There’s something for everyone in the Abercrombie documentary on Netflix

I can’t explain why but I have been waiting for the Netflix documentary White Hot: The Rise and Fall of Abercrombie & Fitch since the release date was announced on Netflix’s Insta like a month ago.

Maybe it was to finally get the validation I’d been wanting since I was in high school, which was that yes, Abercrombie was for douches. Maybe it was to see if anyone still wore their jeans and shorts, like me (I love the way they fit, and also I was never their demographic so that makes me not a douch!). 

Whatever the reason, the documentary debuted and I could not wait. 

With a full schedule of shit to do for work, I turned on my iPad, clicked on Netflix, and took a trip back to the late 90s/early 2000s.  

Here’s a little about how Abercrombie worked for me back then. I’m from a border town. A border town with a mall that has a Ross, a Bealls, and a vast amount of places to eat. It’s basically a food court with a few clothing stores in it. When I was in high school if you wanted name-brand clothes you had to drive 3 hours to the nearest “big city” mall where you’d find all the places to shop such as Forever 21, Wet Seal (holla!), and an overly-cologned Abercrombie

At that time, the only thing I really knew about it was if you were rich and in the popular crowd, Abercrombie was practically a uniform. Obviously, I never shopped there as I was neither of those. 

When I watched the documentary, I wasn’t surprised at all by the claims that they only wanted “cool kids” to work there so that “cool people” would buy the clothes. Uh hello, remember the models on their bags and on the store signage?

Just a bunch of cool kids hanging out in a meadow throwing a football and joking around. Nothing like the “cool kids” in my school whose outings included skipping out and going to the clubs in Mexico. I don’t remember any of the graphic tees being designed with puke stains but I didn’t wear their clothes back then so what do I know?

Anyway, these marketing tactics worked. Abercrombie became the brand to wear and the place to work, and even though I wasn’t into the brand in high school, they fucking got me when I was 19.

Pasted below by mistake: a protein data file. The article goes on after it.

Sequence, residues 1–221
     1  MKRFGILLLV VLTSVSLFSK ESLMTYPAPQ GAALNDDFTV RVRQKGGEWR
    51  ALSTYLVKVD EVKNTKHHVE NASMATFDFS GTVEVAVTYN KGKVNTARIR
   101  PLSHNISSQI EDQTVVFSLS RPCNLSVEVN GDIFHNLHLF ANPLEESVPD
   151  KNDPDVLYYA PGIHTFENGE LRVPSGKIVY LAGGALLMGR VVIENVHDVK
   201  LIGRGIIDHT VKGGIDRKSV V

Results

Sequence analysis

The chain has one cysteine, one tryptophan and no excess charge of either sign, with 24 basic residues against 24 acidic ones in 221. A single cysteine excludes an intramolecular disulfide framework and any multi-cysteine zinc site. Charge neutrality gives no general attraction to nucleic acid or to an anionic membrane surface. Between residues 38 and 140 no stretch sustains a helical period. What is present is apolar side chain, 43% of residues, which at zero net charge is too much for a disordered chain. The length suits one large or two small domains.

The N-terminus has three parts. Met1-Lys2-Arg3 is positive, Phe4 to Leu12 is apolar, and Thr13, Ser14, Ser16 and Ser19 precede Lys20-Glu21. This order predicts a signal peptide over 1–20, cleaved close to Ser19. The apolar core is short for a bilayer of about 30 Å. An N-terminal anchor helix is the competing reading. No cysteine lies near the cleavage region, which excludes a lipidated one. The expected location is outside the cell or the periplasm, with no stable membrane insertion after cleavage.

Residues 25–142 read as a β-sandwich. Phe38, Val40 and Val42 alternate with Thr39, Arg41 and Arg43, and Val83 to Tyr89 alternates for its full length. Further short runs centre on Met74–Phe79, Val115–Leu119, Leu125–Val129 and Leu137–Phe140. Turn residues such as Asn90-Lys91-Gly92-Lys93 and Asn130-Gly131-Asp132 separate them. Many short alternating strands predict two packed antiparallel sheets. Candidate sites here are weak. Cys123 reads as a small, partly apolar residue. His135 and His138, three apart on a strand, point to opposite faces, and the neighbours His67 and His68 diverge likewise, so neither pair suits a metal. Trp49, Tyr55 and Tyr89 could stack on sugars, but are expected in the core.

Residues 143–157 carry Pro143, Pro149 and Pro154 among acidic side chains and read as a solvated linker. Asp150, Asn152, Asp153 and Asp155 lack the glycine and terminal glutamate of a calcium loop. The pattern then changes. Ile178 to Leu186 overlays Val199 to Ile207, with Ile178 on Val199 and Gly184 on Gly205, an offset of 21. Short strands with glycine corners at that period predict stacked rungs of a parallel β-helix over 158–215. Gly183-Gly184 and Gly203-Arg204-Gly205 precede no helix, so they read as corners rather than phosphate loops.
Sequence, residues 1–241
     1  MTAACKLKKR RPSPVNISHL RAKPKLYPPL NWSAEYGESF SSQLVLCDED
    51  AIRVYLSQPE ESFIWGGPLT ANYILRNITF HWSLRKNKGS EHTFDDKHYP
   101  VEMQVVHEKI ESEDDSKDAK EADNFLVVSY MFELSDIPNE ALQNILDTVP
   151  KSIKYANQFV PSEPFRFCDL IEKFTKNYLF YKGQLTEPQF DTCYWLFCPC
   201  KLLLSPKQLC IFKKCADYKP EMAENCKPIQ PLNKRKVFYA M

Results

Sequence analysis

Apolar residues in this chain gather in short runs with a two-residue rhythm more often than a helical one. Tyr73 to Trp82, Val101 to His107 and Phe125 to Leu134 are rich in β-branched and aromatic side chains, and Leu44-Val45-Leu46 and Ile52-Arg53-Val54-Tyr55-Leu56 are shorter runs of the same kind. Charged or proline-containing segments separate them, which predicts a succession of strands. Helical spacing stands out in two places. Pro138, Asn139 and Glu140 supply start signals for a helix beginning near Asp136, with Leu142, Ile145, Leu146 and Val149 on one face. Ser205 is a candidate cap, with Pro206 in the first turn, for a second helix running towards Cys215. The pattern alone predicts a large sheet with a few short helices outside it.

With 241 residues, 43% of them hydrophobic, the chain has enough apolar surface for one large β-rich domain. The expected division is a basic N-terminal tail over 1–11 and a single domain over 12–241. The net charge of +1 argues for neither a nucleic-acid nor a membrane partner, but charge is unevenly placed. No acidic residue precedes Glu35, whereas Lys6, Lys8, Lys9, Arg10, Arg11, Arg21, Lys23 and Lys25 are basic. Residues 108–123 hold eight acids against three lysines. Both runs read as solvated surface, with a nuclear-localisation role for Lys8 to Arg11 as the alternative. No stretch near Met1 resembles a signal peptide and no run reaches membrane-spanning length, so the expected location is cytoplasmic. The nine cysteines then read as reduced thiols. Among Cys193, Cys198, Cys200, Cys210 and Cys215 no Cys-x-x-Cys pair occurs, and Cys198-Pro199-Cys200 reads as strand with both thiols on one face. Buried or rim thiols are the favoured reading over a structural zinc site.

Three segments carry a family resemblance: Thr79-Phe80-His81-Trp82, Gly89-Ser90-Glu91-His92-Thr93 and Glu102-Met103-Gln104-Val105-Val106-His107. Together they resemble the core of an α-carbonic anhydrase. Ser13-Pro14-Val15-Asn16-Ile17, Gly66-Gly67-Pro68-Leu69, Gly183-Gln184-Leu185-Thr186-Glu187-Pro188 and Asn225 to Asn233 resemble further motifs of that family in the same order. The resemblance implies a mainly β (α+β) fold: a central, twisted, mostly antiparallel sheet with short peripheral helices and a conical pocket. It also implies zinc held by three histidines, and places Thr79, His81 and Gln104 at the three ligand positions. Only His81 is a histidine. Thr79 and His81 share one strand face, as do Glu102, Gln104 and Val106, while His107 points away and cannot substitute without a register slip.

It all started the way it usually does: with a boyfriend.

Just like the former CEO of Abercrombie, my then-boyfriend was shitty. And because he was my first serious boyfriend, his shittiness made me insecure. That led me to do things I would never do. Things that would make me feel cool like the girls he was cheating on me with.

Things like get a job at Abercrombie.

Yup. He worked at Abercrombie. One of the girls he liked worked at Abercrombie. So I thought, I’m good enough to work at Abercrombie. And I was.

My experience wasn’t like the ones in the documentary, however. People were fired or not hired at all based on their appearance. Or, people were hired and scheduled to work on the night crew – the crew that no one saw because they were deemed unattractive.

Because of their discriminatory practices, the company faced a massive class-action lawsuit by more than 250,000 former employees resulting in a $50 million dollar settlement. Beyond their affinity for hiring pretty white folks, their photographer was also a perv, and some of the male models that didn’t accept his advances were ultimately let go from their modeling gigs.

Mike Jeffries, the former CEO whose only dream was to be young, eventually stepped down from the company but not before receiving $25 million. You know, how most of these stories go. 

Today, the company is run by a new CEO and features a more diverse cast of models as well as plus-size clothing, something they’d refrained from in the past. 

In the documentary, one of the plaintiffs in the lawsuit remarked that her mother had, at one point, asked her why she wanted to work there.

She didn’t really answer the question but we all know the answer. 

To prove your cool status.

Or get a fat discount.

It’s nothing to be ashamed of. Everyone is some version of an idiot in their late teens and well into their twenties. You have to be to think that getting a job at Abercrombie will show your loser boyfriend that you’re just as cool as the girls he cheats on you with (i.e. ME).

I’m happy to report that my time at Abercrombie lasted only a day. Retail sucks and the unreasonable amount of cologne in the air was nauseating and burned my retinas, so I never went back.

I’m even happier to report that while, yes, my then-boyfriend worked at Abercrombie, he worked on the night crew.

And he never got moved to the floor. 

I hope he saw the documentary.

🙂

Picture from: shape.com

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